What’s the difference between editorial and commercial photography?

Thu 14 Apr 2022

Lewis Hamilton x Monster by Danny North

Image credit: Lewis Hamilton x Monster © Danny North

In the contemporary photographic world, various terms such as Editorial, Commercial, and Advertorial are discussed as a part of the industry language when describing photographic assignments. These terms can at times seem confusing to early career practitioners, student photographers developing their practise or budding assistants looking for their first “in” within the industry. I shall attempt to shed some light on the sometimes-subtle differences between these types of assignment and explain some of the considerations that influence these differences such as usage fees, the story, and the budget.

What is editorial photography? 

The emphasis of an editorial project is to portray a narrative and to create a mood through a series of images. These images are often (not always in the example of fashion photography) accompanied by some text originally written by the editor (which is where the term Editorial comes from) to further create context for the series of images.

In the current photographic landscape, editorials are often low paid assignments, or even paid for by photographers as a platform to promote new styles of making work through published projects. If the project is paid for by the publication, the budget is often far less than you would expect to see on a commercial project or advertising campaign.

In terms of the creative input, photographers have far more freedom in the context of an editorial than a commercial project.

What is commercial photography?

Commercial photography, which includes advertising, sees images used to sell a product or service, and to influence a consumer audience. Any genre of photography (e.g., still-life, interiors, portraiture, landscape, even documentary) could be defined as "commercial photography" if it is used to promote a specific product or service. Commercial projects generally have much larger budgets and teams, as well as far more production to bring the project together.

Usage is brought into the fee and expected to be paid by the client. This fee is determined by where the images are to be used i.e. online, social media, billboard and/or in print and in what territories it can be used in. UK wide, Europe or worldwide are some examples that may be discussed in usage fee negotiations. In contrast, ‘usage fees’ are not usually discussed in relation to editorial projects.

In terms of the creative ideas, commercial or advertising project ideas are more heavily stipulated by the art buyer or client in most cases. The photographer’s job is to then turn that brief into a reality through their photographic expertise and creativity.

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What is advertorial photography?

To stifle the above two relatively simple definitions, there is a third option for a type of assignment you could be commissioned to shoot as a photographer. This is one that is becoming more common as brands need to advertise more but have smaller budgets than previously available, to influence their target audience. Welcome to the advertorial.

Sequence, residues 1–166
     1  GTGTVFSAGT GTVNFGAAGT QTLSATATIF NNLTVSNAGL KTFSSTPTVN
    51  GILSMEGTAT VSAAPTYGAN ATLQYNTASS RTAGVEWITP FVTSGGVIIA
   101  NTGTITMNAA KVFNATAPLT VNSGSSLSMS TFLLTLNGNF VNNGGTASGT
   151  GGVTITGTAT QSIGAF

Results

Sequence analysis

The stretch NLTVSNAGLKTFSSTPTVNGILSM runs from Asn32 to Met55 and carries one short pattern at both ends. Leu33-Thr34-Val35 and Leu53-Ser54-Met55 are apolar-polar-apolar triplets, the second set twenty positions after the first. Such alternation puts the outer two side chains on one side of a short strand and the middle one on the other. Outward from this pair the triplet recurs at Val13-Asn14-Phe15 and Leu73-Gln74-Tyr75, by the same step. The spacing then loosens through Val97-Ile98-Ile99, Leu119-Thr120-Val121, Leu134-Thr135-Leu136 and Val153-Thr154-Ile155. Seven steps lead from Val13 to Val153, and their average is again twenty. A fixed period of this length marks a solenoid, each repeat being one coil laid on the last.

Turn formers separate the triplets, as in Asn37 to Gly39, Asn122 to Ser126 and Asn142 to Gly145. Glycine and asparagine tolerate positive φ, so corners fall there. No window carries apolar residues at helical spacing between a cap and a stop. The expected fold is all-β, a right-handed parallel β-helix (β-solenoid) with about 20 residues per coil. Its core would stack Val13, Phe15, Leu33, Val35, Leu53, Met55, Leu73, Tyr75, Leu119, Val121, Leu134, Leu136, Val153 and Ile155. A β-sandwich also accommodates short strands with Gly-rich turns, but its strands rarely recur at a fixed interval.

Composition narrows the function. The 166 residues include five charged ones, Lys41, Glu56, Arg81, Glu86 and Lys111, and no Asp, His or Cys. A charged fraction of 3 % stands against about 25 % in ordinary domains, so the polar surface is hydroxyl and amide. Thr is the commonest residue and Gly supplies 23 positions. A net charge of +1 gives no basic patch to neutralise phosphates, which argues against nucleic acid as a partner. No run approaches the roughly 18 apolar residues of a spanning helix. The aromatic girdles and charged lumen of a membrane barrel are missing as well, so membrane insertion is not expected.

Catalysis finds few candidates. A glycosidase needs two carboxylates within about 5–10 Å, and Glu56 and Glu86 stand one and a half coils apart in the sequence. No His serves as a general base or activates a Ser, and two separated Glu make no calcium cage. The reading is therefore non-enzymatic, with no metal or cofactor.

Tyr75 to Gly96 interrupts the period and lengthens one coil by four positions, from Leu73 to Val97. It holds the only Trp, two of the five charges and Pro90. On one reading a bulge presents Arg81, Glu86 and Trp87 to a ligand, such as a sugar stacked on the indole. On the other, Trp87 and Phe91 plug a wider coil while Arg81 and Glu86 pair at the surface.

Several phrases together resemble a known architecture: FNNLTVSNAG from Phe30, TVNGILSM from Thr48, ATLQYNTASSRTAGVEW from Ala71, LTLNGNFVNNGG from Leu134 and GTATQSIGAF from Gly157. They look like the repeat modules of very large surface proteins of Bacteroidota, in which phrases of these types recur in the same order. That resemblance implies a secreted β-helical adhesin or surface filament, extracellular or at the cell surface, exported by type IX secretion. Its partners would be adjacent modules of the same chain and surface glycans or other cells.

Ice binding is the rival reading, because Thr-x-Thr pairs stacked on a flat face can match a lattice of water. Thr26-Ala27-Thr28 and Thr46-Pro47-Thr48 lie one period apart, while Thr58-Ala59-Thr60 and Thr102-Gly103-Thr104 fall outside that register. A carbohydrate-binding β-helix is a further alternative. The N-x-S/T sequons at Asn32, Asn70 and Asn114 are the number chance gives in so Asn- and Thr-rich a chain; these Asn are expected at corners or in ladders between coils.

This is an advert in a printed publication giving the reader information about a specific product in the style of an editorial or journalistic project. With this type of assignment there is more of the creative freedom pertaining to an ‘editorial’, however the products are stipulated and styled by the brand for the magazine (for example in the context of a camera advert, we might see examples of a photographer’s work alongside some narrative of why they choose a particular brand or model). Projects of this kind can often seem like ‘collaborations’ between the brand and an individual known to an intended audience (influencer).

The photographer’s remuneration will be slightly higher than those seen in editorials but not as high as for an advertising campaign. These will usually run for a set period, in a specific issue or edition of the magazine.


To conclude, with the changing economic landscape, brands and publications are squeezing finances, and budgets in all areas are getting smaller than seen in the past. This is not to say that there isn’t still a good level of creative opportunity available in the industry. However, make sure you as a photographer are happy with the terms and the brand values of your potential client as we move towards a more sustainable consumer landscape.

No matter what the project, there are two important points to remember. Whether you’re shooting a worldwide commercial campaign for Patagonia, or an editorial portrait story for The Travel Almanac, firstly; your portfolio is key, and secondly…. a deadline is a deadline!

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Anthony-Prothero-photographyAnthony Prothero is a photographer and lecturer working on the BA Commercial Photography programme and BA Photography Top Up (Online) at Falmouth University.

Photography, Online Learning, BA Photo

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